Tulsa Attorney Blog10th Circuit Reverses Oklahoma Constructive Possession Conviction

Circumstantial Evidence Left Reasonable Doubt

constructive possession Oklahoma

When can you be convicted for drugs found in someone else’s suitcase?

An Oklahoma driver convicted in federal court on a possession of a controlled substance with intent to distribute charge won his freedom back when the U.S. Court of Appeals for the 10th Circuit overturned the conviction.

The April 22, 2015 decision said a jury could infer guilt based on arguments that the man knew his passenger was carrying 14 bricks of marijuana and about an ounce of methamphetamine in a duffel bag. Yet the evidence was insufficient, the court said, to find guilt beyond reasonable doubt.

Federal prosecutors had relied on a constructive possession theory to convict the driver. The passenger who loaded the duffel bag into the car was convicted of possessing the drugs. The bag contained a receipt with the passenger’s name on it. The passenger’s conviction was affirmed on appeal.

To convict the driver of possession with intent to sell and a second charge of aiding and abetting, prosecutors had argued the driver was present when the passenger loaded the car. Prosecutors argued the driver knew the passenger was bringing numerous heavy bags for a short trip. They also alleged the driver knew the passenger lied to his mother about why they were borrowing her rental car.

Small amounts of marijuana found in the car separately from the packaged drugs, aluminum foil, scales and the smell of marijuana contributed to the government’s claim the driver knew about the bulk drugs in the duffel bag.

The smaller amounts of drugs, however, were stored in small containers that did not reveal their contents. At trial, the government argued the smell of marijuana in the car indicated the driver knew there was marijuana present.

An odor of marijuana, however, only showed the driver might have smoked marijuana, the 10th Circuit concluded. Likewise, aluminum foil found near the driver’s belongings was only evidence of possible drug use, and not evidence of intent to sell nor of knowledge there were enough drugs in the car to sell.

On appeal, the 10th Circuit noted prosecutors misinterpreted trial testimony to conclude the driver was present when the passenger lied to his mother about why he wanted to borrow the car. That conversation had taken place in a phone call. There was no evidence the driver overheard the call.

There was no evidence the driver was planning only a short trip, which would have made the passenger’s heavy bag suspicious, the court concluded. And although prosecutors argued both men must have been together when the car was loaded, even if they were, there was no evidence the driver knew what was inside the passenger’s luggage.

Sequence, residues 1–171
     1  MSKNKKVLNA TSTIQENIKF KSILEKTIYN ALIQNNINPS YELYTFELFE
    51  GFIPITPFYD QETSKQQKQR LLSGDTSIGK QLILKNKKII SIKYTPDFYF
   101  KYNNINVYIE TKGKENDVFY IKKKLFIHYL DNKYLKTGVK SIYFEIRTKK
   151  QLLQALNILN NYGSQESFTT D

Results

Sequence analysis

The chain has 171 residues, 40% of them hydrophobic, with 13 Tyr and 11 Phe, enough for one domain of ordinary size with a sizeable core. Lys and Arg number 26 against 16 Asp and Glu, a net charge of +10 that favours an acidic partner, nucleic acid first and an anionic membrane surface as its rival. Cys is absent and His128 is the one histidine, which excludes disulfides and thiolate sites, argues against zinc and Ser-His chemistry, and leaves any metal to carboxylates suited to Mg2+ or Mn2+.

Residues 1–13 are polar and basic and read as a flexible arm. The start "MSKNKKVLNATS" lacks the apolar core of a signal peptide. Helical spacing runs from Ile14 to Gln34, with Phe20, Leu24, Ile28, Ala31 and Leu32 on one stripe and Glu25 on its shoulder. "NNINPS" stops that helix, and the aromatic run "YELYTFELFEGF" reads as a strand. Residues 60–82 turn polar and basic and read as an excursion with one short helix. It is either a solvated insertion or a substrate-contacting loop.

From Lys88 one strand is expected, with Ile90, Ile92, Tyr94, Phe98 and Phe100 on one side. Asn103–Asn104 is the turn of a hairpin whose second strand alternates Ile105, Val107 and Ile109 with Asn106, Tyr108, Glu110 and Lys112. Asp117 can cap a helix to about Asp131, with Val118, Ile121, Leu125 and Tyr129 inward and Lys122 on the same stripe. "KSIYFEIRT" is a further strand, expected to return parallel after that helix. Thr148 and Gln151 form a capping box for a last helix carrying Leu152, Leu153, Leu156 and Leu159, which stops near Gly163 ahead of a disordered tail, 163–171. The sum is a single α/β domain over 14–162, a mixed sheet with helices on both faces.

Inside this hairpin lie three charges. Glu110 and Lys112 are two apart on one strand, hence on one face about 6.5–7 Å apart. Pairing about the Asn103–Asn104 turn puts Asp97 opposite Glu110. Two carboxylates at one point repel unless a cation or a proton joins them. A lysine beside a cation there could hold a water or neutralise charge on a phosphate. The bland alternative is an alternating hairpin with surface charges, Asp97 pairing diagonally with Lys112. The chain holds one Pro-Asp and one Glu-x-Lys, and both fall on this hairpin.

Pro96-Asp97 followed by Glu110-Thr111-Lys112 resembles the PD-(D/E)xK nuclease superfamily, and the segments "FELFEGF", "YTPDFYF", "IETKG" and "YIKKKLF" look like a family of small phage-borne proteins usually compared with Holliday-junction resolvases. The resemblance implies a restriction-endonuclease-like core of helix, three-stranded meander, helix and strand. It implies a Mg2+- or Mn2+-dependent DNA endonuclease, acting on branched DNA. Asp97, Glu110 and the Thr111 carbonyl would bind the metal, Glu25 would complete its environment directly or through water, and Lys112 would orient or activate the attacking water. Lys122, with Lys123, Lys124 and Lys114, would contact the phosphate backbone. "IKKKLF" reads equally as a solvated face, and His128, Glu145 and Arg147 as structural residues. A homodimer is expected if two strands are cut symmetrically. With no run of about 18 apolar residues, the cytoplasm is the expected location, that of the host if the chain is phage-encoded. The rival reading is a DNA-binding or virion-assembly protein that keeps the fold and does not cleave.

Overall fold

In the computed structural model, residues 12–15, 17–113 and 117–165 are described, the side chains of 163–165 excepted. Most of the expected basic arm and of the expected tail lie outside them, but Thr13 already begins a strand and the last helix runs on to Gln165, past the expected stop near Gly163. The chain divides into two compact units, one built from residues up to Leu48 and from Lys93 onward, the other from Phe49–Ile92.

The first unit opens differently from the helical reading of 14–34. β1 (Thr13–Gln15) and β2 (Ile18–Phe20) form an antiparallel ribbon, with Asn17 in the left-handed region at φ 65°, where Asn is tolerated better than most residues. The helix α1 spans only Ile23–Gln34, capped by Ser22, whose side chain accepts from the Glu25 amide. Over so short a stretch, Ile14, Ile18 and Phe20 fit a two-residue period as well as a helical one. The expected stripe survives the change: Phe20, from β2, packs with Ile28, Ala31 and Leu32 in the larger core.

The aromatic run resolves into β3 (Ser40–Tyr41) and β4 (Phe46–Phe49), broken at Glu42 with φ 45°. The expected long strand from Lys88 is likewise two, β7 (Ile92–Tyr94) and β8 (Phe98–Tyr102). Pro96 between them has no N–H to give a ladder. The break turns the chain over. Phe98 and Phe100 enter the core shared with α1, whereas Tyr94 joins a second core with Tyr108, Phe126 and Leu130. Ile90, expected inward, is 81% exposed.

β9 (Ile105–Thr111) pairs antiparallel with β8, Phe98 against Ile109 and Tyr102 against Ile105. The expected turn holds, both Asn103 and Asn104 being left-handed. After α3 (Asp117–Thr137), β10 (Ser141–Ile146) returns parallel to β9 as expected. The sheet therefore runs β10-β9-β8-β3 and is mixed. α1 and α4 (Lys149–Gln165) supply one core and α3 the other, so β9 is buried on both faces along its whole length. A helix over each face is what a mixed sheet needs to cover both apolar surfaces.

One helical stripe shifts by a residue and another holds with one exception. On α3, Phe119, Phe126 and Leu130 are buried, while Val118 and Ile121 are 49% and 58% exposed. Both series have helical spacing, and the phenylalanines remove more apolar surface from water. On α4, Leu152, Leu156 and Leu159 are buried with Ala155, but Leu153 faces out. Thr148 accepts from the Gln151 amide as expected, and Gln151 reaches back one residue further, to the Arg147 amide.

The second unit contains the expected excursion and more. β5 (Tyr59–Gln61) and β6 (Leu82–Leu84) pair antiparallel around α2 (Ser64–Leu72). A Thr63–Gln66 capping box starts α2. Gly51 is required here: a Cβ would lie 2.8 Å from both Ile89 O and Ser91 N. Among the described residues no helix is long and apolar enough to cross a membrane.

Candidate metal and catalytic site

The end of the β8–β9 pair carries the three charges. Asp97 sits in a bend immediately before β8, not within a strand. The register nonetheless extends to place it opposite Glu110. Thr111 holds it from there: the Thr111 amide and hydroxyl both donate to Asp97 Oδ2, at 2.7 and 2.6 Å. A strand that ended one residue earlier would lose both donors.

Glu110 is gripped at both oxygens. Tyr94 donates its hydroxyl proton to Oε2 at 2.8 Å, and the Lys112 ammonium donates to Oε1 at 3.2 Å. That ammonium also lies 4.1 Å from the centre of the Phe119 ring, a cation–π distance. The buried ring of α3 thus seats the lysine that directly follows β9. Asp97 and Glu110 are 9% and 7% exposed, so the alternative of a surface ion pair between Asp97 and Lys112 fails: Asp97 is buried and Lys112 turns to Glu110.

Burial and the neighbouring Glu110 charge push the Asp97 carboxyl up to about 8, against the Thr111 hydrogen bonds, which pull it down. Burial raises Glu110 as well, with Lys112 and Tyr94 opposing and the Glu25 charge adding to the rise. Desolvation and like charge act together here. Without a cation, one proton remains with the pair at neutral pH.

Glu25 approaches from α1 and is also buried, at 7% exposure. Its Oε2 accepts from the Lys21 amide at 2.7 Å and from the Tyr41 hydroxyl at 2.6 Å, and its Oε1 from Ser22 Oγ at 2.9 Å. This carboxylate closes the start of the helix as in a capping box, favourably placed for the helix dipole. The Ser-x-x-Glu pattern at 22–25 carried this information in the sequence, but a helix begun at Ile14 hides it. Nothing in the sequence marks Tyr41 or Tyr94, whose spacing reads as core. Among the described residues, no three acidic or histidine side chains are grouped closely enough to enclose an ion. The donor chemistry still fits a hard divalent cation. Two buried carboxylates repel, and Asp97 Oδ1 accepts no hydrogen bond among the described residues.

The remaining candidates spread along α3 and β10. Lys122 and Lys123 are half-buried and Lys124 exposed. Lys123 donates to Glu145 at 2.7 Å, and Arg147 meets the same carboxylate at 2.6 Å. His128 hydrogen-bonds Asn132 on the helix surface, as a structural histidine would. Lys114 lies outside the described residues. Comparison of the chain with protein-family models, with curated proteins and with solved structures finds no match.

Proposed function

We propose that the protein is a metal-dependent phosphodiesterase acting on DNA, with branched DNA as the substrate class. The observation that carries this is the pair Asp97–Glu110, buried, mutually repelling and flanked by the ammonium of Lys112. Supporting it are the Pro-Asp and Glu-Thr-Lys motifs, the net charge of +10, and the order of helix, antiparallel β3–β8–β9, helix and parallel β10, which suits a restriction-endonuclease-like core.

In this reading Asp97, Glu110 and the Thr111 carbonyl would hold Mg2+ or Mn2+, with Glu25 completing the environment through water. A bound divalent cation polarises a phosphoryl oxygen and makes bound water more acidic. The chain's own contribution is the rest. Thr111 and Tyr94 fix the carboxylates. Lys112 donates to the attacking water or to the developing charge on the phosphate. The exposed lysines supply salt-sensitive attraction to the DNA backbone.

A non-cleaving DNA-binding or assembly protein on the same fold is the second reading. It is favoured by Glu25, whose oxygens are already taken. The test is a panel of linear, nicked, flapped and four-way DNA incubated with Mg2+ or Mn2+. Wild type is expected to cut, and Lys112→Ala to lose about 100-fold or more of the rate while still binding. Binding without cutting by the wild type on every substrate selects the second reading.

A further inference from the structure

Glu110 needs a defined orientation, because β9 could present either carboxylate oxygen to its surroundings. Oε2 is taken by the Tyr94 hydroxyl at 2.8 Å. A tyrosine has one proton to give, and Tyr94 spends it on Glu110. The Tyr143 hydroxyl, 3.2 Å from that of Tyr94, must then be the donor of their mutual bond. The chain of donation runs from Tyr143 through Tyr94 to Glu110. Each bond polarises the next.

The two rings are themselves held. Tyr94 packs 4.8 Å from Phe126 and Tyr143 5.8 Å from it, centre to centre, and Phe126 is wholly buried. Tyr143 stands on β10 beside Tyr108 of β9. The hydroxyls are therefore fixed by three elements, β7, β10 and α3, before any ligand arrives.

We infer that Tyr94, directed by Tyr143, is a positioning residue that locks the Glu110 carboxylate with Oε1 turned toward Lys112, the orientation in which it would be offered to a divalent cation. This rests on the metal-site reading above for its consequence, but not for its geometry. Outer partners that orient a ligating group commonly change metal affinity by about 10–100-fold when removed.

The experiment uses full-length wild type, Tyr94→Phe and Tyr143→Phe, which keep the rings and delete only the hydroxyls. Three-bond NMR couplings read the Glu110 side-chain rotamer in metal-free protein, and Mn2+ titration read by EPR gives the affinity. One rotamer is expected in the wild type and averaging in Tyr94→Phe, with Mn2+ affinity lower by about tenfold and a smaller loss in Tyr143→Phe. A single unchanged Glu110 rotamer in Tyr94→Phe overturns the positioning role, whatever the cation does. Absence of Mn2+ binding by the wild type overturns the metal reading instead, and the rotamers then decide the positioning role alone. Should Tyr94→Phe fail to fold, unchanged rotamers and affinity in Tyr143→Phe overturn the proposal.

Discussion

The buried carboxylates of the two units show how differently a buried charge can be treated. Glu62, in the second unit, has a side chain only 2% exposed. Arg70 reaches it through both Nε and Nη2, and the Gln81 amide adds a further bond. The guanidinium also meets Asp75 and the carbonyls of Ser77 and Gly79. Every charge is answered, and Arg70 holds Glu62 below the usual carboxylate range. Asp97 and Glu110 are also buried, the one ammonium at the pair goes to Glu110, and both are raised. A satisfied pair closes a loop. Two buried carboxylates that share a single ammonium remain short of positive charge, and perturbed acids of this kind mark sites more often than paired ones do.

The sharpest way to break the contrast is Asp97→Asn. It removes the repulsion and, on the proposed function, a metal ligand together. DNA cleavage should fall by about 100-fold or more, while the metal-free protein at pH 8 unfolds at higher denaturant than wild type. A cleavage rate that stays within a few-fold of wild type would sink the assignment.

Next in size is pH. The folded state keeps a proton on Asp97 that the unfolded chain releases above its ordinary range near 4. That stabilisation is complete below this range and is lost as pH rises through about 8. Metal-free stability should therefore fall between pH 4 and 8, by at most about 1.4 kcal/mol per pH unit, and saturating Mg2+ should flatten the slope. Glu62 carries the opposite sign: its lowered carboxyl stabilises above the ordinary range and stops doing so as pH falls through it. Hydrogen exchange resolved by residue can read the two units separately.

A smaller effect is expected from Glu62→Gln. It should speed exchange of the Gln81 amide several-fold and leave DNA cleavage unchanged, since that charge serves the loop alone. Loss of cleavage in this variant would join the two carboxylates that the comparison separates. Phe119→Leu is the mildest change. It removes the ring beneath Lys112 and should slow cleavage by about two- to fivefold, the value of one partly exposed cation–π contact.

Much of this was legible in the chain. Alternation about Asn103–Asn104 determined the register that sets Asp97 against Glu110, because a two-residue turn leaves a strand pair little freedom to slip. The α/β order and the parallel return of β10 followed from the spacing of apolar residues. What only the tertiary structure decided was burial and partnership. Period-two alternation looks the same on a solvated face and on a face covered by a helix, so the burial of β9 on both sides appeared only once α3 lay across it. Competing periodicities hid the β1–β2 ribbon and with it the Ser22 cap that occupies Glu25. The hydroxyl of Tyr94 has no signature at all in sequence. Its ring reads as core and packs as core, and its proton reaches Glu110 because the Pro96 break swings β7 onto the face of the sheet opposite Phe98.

The 10th Circuit likewise deconstructed several other anecdotal bits of testimony prosecutors had strung together to infer the driver was involved in the passenger’s plans to transport and sell drugs.

Constructive Possession Means Knowledge and Control

The prosecutor’s constructive possession case typifies theories often used to convict defendants who did not actually possess drugs, guns or stolen property.

In Oklahoma courts, juries are instructed that a person who “knowingly has the power and the intention at a given time to exercise dominion or control over a thing” is in constructive possession of the item. Mere proximity to the item is insufficient to prove possession.

Federal law relies on similar principals. A person must have knowledge and control of an item to be in possession of the item.

Circumstantial evidence can be used to prove constructive possession, Oklahoma jurors are instructed. Each item of circumstantial evidence relied upon to substantiate constructive possession must be proven beyond a reasonable doubt. All facts and circumstances taken together must establish that the defendant had knowledge and control of an item.

If proven, constructive possession is no different than actual possession. A smoldering marijuana cigarette found in a console between a driver and passenger, along with the smell of marijuana and an officer’s testimony that each appeared to have red, watery eyes might persuade a court both individuals were in possession of marijuana for consumption.

Drugs found in a piece of luggage along with items belonging to the driver, in a vehicle the driver owns, are more likely to persuade a jury of constructive possession than items in someone else’s luggage, in someone else’s car, driven by a potentially unwitting driver.

Prosecutors will nonetheless likely continue to bring weak constructive possession cases to court. Prosecutors bet taxpayers resources on the possibility a jury will be sympathetic to prosecutors. They rely on the chance a defendant’s defense lawyer will not be persuasive, a defendant will not have resources to appeal a bad conviction or may just give up and accept a plea deal.

Oklahoma Constructive Possession Defense

When you are charged with possession of any illegal item based on a theory of constructive possession, it is important that your defense attorney attack elements of the circumstances prosecutors allege. A defense attorney can also attack the overall theory that the circumstances prove you knew about and had control of the item.

If you are charged with possession of a controlled substance, possession of a firearm, possession of stolen property or any charge that relies on a constructive possession theory, contact a Tulsa criminal attorney. For a free consultation with a Tulsa defense lawyer, call Wirth Law Office at (918) 879-1681 or send your question using the form at the top of this page.

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